The U.S. public sector is also on board with ePA. The U.S. Centers for Medicare and Medicaid Services, CMS, finalized a ruling in early 2024 that will implement PA reforms including the implementation of ePA. The CMS rule will also require insurers to provide very specific denial reasons and public reporting of metrics around approval and denial numbers, and processing time.

The Need for Reform and Automation in Canada – A Heavy Burden

The increasing number of specialty drugs and the number of drugs subject to PA is placing a heavy burden on all stakeholders. Industry experts believe that today there are roughly 500 specialty drug indications subject to prior authorization in Canada, and there is more innovation in the specialty drug space according to the Express Scripts Canada 2023 Drug Trend Report. This will place additional administrative and time pressure on PA stakeholders.

There has been some, but very little progress towards ePA adoption and other process improvements in the Canadian private sector. In the Canadian public sector, Ontario and British Columbia have already changed their public PA processes and seen positive results.

In Ontario, The Special Authorization Digital Information Exchange (SADIE) was implemented in 2019, including ePA. Some of the benefits from SADIE include real time decisions and online tracking of submissions, faster decision times, better communication between stakeholders, and better accuracy:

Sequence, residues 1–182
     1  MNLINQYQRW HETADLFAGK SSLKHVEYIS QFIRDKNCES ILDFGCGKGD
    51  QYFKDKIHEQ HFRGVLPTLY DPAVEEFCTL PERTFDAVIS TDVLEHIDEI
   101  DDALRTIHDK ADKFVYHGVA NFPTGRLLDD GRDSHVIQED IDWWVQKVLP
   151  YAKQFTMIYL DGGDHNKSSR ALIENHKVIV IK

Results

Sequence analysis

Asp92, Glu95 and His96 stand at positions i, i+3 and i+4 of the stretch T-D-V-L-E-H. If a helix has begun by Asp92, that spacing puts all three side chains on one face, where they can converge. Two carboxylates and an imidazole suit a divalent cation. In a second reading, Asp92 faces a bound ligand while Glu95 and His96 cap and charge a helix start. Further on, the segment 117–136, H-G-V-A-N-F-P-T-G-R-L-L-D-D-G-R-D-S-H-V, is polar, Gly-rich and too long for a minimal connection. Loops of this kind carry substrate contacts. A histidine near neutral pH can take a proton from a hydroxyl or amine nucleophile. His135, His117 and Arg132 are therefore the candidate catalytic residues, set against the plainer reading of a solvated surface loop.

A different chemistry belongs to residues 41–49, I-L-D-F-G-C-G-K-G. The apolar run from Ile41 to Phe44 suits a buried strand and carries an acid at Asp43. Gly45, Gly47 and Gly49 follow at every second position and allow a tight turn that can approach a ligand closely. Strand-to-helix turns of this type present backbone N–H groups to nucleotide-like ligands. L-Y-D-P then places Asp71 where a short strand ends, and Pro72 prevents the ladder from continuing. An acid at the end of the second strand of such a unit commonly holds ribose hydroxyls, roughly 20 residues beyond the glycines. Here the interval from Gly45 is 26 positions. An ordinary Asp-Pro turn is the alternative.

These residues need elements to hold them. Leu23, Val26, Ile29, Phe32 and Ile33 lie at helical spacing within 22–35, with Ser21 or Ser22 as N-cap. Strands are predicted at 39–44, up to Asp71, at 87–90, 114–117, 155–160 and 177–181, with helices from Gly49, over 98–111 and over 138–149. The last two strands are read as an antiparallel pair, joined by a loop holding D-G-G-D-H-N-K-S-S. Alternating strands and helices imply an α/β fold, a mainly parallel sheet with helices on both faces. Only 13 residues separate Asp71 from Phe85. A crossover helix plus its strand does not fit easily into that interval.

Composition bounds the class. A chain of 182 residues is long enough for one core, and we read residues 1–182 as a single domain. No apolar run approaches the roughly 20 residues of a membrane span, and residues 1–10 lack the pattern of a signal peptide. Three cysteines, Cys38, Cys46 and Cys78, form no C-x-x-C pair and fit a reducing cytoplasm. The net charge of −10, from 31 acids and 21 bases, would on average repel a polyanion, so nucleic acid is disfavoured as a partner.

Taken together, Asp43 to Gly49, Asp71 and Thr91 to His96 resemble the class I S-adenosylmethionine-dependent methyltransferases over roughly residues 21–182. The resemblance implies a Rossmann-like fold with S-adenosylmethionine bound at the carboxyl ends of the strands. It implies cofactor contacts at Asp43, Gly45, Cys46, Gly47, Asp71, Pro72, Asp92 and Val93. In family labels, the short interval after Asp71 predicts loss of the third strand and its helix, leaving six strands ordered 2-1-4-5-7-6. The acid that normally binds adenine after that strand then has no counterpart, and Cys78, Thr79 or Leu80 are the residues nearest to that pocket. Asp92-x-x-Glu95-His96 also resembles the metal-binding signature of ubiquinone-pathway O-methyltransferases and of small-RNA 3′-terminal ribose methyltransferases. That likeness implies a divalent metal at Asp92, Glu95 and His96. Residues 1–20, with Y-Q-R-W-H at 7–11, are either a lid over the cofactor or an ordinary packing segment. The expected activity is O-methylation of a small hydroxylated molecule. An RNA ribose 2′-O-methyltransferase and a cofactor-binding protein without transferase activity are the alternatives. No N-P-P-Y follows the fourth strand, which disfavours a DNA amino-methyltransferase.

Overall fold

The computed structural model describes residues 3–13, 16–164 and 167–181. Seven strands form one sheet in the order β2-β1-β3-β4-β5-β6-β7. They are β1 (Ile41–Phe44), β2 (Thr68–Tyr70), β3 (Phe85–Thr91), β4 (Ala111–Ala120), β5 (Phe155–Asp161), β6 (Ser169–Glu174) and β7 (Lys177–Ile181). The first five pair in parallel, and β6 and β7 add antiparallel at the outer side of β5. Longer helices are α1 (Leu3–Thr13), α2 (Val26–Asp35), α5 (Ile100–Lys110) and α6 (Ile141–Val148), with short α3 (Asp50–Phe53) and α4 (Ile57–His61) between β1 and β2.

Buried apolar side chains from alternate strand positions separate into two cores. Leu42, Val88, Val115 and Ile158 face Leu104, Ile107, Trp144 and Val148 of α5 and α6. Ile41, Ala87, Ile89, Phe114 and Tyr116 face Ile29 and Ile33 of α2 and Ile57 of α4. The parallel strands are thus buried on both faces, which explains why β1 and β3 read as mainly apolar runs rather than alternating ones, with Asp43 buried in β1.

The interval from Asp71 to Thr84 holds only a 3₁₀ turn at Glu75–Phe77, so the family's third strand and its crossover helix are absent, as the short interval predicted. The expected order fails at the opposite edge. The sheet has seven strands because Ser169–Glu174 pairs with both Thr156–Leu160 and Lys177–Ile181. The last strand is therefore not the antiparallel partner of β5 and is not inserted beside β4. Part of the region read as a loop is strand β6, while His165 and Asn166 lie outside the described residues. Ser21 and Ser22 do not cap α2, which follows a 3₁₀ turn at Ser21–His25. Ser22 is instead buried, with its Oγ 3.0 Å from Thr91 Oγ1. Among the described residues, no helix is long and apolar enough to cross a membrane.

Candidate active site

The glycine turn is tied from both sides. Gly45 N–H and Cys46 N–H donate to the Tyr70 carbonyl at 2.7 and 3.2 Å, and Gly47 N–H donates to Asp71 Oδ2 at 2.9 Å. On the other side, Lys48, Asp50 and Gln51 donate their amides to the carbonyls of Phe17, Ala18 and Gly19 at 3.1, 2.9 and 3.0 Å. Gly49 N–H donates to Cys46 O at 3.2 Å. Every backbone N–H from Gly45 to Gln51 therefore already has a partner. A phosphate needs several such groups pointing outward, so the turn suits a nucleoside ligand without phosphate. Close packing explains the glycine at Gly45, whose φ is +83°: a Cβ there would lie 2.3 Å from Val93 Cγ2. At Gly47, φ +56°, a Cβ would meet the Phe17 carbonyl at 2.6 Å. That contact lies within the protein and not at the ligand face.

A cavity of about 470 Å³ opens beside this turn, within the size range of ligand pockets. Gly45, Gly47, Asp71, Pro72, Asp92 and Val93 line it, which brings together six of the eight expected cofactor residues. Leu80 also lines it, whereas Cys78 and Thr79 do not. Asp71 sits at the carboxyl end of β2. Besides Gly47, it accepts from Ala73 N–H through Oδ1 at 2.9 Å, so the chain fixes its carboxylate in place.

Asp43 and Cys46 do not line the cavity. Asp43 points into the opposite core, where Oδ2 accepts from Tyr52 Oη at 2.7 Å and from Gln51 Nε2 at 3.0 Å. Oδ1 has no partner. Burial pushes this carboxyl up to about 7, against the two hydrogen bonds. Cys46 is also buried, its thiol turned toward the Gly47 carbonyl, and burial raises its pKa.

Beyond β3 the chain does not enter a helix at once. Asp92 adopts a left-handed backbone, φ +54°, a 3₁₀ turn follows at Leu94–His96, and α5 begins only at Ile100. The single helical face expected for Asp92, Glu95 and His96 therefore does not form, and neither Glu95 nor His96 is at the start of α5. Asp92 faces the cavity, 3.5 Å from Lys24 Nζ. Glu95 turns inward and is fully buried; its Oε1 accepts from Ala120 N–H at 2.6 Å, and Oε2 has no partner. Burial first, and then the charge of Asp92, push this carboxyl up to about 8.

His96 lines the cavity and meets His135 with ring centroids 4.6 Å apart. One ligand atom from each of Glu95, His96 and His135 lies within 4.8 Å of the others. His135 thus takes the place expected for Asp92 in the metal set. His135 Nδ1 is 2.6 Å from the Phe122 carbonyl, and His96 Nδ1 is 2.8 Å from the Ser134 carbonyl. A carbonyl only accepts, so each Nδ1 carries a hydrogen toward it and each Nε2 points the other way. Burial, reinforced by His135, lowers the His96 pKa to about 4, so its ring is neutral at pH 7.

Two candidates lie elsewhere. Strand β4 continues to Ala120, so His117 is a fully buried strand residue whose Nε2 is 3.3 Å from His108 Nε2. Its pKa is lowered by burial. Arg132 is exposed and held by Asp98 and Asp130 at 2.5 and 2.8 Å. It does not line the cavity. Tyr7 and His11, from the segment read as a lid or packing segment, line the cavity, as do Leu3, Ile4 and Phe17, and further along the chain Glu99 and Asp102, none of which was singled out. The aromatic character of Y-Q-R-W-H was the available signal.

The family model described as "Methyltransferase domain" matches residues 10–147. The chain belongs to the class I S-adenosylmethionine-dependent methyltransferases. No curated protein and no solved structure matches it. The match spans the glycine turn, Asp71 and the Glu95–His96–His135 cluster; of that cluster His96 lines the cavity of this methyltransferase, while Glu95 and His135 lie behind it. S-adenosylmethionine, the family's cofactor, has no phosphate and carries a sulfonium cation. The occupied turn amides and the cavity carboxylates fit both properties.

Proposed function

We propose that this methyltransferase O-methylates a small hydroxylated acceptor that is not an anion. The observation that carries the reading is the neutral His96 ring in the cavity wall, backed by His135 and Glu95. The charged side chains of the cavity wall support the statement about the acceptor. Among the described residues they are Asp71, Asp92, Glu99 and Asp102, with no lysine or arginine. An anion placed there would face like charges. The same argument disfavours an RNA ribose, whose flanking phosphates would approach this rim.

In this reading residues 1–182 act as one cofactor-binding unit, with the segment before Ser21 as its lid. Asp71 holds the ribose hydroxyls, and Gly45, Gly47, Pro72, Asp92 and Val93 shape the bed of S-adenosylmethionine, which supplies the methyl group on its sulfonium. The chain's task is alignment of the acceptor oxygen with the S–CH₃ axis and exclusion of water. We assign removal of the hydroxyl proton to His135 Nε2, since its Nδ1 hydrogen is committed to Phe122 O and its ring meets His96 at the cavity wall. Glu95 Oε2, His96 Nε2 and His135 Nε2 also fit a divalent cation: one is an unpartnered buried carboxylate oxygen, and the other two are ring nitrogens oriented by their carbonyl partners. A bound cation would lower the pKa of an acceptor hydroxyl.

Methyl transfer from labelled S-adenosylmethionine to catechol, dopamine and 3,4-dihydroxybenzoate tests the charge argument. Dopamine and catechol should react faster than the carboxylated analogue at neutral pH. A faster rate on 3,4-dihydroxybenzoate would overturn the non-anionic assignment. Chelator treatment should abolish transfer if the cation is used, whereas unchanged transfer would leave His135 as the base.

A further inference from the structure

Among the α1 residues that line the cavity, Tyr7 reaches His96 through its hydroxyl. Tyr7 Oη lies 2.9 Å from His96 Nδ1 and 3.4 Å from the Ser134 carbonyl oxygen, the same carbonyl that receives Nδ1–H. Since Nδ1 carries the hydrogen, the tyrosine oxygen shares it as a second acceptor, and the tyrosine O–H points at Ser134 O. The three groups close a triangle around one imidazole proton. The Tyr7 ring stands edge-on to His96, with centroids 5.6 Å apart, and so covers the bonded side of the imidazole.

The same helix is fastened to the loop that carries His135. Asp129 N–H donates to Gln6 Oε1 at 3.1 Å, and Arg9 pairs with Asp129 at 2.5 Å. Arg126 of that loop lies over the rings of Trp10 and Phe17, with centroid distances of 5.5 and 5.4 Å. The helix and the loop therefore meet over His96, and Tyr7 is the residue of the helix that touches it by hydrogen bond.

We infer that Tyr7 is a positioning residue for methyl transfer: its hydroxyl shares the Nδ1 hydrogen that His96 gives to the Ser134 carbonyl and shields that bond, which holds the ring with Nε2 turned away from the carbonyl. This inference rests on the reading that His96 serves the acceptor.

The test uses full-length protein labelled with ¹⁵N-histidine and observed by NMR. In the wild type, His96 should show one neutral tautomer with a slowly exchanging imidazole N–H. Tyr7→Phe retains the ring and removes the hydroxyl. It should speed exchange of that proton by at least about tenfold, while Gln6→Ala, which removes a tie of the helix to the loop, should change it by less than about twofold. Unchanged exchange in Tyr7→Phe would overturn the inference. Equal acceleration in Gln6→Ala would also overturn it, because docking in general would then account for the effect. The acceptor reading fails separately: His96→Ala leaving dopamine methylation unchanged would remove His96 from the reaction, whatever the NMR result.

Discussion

• Up to 50% faster decision time 
  • Decisions for EAP for many drug requests within seconds of submissions
  • Up to 75% fewer requests for missing information
  • Online tracking and access to historical EAP submissions and responses
  • Easily accessible criteria information 
  • Criteria driven “smart forms” that only ask the questions needed for the request.

In British Columbia, the Special Authority Program (SAP) launched in 2021. It includes ePA submission and some auto adjudication. It also includes digital notification of adjudication decisions to patients and prescribers, preferred prescribers who are exempt from submitting a special authorization request for some drugs, and the ability of patients to view their claim status. BC has seen benefits that include:

  • Quicker turn around time, some requests are approved within hours
  • Less back and forth with the special authorization team because accuracy is improved.

It is in the best interests of all stakeholders that Canada’s private payers prioritize improvements in the PA process, including the implementation of ePA. Without change, the PA experience will miss the opportunity to realize efficiencies that will benefit patients’ health outcomes, reduce administration time for all stakeholders, and save money.

What’s New in 2024

You will see more blogs and podcasts that will provide you with insights into PA and the Framework and Accreditation program that is in development for payers. PA stakeholders are encouraged to support the Prior Authorization Framework and Accreditation (PAFA) program launching in 2024 as a member of associate member. Details will follow soon. PAFA provides tangible metrics as a guide to payers for improving PA. Payers who are members will be able to identify opportunities for efficiencies in their process, conduct self evaluations, and apply for accreditation. Achieving accreditation will demonstrate their commitment to improvements in the claims process and experience for all PA stakeholders and realize the benefits.

For more information on Simplify Prior Authorization or sponsorship, or for inquiries about PAFA membership, associate membership, and accreditation contact